2. Orwell was wrong. I mean, he hit some elements of human nature but as a means of predicting the future of society? Ehn, he over stated his cards. On the other hand, 1984 was written as the dust settled on WWII. You don't need to look as far as Soviet Russia to see fucked up Totalitarian shit; Britain or the US will do. Everything became more centralized during that period and horrible abuses of power on the allied side went on all in the name of a national victory against some one who even 70 years later is hated as an almost demonic figure by those who have very little understanding of why (not to detract from the horrible shit Hitler did). During this period, people sort of accepted whatever the government deemed necessary in a rather resigned way even after the great failures that lead and continued through the great depression; Orwell can hardly be blamed for imagining what might happen if they didn't want to give up these powers. Also, Sapir-Worf is pretty safely refuted (at least to the degree Ingsoc holds it).

3. 1984 drops a few simplified morals and presents problems in a very digestable way, yes but I don't think that makes them sophmoric. If you don't think there is an undercurrent of double think in our culture, try asking an American about the invasion of Afghanistan and then the invasion of Crimea. Or otherwise reasonable people who are willing to accept the Patriot Act since it secures their freedom. Yeah, it isn't the insanity that is shown in the book but if it was merely remarked on rather than drawn to a logical conclusion, then it would have been written off as simple social commentary rather than something which is pretty deeply fucked up and is exploited for political ends.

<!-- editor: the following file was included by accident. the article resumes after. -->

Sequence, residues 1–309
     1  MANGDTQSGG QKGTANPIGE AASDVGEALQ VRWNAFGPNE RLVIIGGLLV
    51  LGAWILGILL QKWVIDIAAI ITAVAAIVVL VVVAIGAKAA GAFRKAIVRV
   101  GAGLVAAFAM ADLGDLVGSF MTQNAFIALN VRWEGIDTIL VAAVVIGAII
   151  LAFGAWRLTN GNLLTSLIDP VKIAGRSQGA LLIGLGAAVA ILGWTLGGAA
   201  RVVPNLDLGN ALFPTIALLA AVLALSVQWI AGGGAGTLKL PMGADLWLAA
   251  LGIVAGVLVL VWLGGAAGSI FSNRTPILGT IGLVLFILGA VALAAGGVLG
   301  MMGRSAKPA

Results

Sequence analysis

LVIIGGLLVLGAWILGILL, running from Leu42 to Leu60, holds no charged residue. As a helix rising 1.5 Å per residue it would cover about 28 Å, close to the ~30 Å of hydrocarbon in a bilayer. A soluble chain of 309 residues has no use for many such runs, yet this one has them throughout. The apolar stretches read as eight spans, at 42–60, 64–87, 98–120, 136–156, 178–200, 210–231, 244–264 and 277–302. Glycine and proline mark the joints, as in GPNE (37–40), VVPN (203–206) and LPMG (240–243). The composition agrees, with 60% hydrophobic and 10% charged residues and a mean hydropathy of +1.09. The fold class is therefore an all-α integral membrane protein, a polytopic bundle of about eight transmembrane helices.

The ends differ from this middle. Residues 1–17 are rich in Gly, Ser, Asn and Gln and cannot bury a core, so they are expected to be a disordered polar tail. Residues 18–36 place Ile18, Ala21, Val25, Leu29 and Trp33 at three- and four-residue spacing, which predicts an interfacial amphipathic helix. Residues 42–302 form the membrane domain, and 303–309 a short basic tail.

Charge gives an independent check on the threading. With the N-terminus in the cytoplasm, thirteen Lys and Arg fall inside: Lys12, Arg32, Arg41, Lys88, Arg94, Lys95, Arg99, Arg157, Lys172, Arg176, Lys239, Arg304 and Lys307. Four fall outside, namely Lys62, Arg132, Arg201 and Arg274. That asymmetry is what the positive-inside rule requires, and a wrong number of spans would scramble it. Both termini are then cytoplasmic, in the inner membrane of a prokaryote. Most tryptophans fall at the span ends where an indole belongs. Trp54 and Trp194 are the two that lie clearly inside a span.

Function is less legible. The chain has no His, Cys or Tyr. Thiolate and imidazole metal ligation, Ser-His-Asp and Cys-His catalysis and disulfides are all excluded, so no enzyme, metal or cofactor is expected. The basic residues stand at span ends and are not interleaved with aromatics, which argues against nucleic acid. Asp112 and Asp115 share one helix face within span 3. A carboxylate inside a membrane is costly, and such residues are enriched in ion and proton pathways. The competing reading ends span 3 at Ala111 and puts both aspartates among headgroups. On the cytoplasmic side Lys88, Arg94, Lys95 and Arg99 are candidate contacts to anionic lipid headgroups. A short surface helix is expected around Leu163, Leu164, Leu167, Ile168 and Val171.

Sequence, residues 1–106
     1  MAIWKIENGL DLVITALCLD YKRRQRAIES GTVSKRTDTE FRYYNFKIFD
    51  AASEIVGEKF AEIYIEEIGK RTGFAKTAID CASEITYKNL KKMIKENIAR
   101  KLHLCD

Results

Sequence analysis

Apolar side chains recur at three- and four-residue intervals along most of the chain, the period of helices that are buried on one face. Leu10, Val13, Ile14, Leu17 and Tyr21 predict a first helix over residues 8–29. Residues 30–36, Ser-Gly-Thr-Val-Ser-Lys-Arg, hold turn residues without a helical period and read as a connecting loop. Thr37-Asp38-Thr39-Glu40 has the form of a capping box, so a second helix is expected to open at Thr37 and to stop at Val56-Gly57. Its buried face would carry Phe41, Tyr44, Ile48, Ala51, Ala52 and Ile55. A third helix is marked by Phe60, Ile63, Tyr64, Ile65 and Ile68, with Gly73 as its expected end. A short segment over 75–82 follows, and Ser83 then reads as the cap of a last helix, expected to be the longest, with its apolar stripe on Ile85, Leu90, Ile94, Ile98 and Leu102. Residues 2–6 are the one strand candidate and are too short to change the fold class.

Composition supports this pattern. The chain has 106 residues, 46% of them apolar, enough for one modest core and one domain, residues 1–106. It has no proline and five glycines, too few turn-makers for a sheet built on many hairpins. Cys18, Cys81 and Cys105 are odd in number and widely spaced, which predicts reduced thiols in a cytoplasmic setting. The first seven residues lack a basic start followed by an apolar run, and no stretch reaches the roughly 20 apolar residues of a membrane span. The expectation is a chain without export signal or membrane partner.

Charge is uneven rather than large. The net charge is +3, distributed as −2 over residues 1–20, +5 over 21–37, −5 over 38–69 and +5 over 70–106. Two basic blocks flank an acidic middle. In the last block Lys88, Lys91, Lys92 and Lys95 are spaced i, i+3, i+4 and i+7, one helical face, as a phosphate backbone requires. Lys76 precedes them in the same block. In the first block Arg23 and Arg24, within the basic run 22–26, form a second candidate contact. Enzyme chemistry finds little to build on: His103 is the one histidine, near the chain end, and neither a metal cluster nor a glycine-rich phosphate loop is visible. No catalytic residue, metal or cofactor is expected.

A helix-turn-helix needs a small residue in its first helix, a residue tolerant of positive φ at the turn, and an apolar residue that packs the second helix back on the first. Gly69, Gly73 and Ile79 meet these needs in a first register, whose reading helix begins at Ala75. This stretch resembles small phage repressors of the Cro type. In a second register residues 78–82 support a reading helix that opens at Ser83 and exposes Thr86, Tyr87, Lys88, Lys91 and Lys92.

4. Where the hell is this Good/Evil Binary? Ingsoc is an allegory about absolute power corrupting absolutely; Soviets and Fascists allied and Democratic nations abandoned civil liberties, every nation abandoned tenants of their philosophy for survival and people didn't question it. Orwell is cautioning then that with an ever looming vague threat power could be perpetually centralized and tenants could be slowly lost, while the power itself became more and more divorced from any individual person. The Inner-Party is essentially anyone in the Outer-Party who has been sufficently endoctrinated that they no longer have their own views; They aren't evil but they have wrong views in terms of what morality and freedom even are. No one said Wilson would run shit any better only that he wanted to. In fact, the treatise implies that a rebellion succeeding within the inner party would only see a new regime rise up. What is true and what is a lie, what exactly Wilson ought to be hoping for is left very ambiguous, except the vague idea that it will come from "the masses".